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WEDNESDAY, APRIL 24
TRENTON DOYLE HANCOCK
7:00 p.m. Marvin and Betty Danto Lecture Hall
Free and open to all with complimentary pass
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Organized in conjunction with the DIA’s Shirin Neshat exhibition,
GLOBAL IMAGINARIES│Individual Realities is a series of lectures that establishes a platform for artists and their communities to enter into a wider conversation about socially engaged art. The ‘imaginary’ is a sociological term which describes the unspoken understanding between individuals within a society who all agree to function within the same ethical, cultural and political frameworks. The ‘global imaginary’ is an idea that expands on this notion, describing the social networks emerging between people from all over the world, assisted by innovations in technology such as the internet. In this lecture series we turn to several prominent artists whose work focuses on the role of art within the social and political sphere and invite a socio-cultural anthropologist, a political activist and sociologist of culture to discuss the role of art in shaping the global imaginary. This program will explore the underlying notions that shape our expectations of society and consider art as a social medium to navigate the vicissitudes of our imagined narratives.
TRENTON DOYLE HANCOCK is well-known for his intricate candy-colored prints, drawings, collaged felt paintings and site-specific installations. Influenced equally by the history of painting as by the pulp imagery of pop-culture, Hancock transforms traditionally formal decisions—such as the use of color, texture, language and pattern—into opportunities to create new characters, develop sub-plots and convey symbolic meaning. His exuberant and subversive narratives employ a variety of cultural tropes, ranging in tone from comic-strip superhero battles to medieval morality plays, and are influenced in style by Hieronymus Bosch, Max Ernst, Henry Darger, Philip Guston and R. Crumb. The resulting sprawling installations spill onto beyond the canvas edges and onto gallery walls. Hancock’s mythology has been translated to the stage in an original ballet, Cult of Color: Call to Color, commissioned by Ballet Austin and created by Trenton Doyle Hancock, choreographer Stephen Mills and composer Graham Reynolds. The ballet performances debuted in Austin in April 2008. He created an original mural for the new Dallas Cowboys Stadium in Dallas, TX, as well as a site-specific installation entitled, A Better Promise, at the Seattle Art Museum’s Olympic Sculpture Park in Seattle, WA. The recipient of numerous awards, Trenton Doyle Hancock lives and works in Houston.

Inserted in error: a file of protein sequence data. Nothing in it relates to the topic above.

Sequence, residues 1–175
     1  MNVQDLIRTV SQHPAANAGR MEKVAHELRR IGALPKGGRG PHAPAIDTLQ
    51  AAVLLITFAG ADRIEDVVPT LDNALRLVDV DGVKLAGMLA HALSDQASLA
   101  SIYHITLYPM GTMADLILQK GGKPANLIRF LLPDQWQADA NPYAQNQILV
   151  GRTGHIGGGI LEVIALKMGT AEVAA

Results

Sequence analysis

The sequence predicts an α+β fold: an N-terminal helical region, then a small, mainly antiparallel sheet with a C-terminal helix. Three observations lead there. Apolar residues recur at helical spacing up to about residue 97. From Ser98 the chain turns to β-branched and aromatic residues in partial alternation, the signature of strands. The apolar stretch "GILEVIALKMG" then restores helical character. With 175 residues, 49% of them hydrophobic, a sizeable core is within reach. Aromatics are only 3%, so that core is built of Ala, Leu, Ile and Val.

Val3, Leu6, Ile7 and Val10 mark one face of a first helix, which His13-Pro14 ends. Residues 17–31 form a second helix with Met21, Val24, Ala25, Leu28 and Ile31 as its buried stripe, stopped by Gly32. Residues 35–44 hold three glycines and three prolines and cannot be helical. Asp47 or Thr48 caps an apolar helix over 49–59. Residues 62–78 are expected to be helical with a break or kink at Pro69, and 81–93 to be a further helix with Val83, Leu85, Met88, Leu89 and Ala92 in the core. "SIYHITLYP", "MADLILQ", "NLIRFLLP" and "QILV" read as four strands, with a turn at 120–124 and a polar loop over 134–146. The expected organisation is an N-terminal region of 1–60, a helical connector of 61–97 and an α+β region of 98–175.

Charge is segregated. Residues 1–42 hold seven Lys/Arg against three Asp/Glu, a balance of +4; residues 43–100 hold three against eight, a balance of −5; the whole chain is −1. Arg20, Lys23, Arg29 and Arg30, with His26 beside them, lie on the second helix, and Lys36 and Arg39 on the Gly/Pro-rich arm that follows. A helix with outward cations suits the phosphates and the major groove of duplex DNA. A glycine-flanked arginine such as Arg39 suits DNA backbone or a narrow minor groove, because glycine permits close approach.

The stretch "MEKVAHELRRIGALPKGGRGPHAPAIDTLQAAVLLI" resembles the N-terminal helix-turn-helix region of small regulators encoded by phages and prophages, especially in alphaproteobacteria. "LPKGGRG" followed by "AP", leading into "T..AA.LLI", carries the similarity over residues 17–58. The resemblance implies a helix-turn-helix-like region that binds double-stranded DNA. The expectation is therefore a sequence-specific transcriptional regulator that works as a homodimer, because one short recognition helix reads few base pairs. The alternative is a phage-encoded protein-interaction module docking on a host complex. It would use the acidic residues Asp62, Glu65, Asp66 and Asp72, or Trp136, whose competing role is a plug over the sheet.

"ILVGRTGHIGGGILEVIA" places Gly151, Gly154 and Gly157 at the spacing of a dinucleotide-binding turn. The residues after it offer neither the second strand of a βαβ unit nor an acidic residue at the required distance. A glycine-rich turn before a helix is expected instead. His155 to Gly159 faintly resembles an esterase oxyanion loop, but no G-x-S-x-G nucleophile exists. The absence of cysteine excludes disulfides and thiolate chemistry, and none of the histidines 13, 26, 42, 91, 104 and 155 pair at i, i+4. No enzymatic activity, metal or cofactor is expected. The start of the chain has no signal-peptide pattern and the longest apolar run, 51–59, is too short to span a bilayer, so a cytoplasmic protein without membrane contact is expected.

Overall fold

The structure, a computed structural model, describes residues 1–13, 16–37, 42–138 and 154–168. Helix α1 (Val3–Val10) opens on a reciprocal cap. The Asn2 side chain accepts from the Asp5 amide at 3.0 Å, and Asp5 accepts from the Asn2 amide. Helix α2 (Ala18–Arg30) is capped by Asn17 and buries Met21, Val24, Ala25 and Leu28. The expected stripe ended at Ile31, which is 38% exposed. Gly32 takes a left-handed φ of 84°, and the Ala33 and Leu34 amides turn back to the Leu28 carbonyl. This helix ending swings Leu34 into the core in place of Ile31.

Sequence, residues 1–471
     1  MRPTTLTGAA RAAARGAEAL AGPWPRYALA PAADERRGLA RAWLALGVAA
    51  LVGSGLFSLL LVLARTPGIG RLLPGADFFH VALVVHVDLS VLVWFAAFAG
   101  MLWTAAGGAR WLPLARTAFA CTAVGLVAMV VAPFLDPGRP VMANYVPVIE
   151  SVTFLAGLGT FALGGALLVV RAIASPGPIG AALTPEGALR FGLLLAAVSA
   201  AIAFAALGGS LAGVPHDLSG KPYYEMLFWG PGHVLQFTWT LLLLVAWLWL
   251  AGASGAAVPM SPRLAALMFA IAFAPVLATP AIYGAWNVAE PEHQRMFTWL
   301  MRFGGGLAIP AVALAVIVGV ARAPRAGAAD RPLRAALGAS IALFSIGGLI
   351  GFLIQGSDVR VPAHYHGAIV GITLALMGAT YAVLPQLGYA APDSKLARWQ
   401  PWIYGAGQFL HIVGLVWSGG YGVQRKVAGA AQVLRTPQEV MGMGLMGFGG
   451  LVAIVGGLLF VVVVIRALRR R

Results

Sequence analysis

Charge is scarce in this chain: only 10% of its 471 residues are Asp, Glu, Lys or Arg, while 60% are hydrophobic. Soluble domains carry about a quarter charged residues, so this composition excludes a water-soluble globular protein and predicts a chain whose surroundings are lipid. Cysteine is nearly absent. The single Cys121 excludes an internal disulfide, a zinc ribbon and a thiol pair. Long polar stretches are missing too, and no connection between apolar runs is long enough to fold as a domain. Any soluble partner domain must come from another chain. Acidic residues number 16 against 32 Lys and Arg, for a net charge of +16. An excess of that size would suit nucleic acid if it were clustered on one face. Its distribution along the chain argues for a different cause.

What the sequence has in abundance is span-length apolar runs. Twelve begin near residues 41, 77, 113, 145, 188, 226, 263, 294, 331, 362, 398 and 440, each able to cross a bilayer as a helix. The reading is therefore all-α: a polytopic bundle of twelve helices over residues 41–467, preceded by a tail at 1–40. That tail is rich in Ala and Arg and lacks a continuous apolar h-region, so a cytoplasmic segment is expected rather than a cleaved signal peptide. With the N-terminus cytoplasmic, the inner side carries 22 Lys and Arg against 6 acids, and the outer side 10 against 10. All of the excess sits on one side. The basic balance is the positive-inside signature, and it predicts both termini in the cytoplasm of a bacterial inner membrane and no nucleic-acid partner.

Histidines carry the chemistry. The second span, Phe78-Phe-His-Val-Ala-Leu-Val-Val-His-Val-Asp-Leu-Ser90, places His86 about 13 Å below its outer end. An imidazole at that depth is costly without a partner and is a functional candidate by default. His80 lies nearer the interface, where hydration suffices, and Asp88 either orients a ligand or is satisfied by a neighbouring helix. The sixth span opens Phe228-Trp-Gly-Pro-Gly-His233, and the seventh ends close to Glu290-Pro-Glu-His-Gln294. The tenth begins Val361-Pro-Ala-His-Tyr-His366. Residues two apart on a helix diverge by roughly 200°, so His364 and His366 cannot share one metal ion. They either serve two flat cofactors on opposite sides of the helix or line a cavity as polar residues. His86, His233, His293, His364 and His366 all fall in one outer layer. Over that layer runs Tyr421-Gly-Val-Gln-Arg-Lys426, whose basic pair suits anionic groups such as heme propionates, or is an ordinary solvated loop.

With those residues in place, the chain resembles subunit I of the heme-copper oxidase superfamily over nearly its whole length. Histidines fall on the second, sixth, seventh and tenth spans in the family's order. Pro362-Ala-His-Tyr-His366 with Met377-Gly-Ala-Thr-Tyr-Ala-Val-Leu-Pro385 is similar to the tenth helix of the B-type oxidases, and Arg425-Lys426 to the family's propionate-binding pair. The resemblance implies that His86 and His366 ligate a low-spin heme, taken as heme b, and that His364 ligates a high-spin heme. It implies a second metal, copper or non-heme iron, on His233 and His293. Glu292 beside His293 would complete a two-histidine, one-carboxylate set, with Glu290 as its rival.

Sponsored by Friends of Modern and Contemporary Art and
The Center for the Study of Citizenship at Wayne State University.
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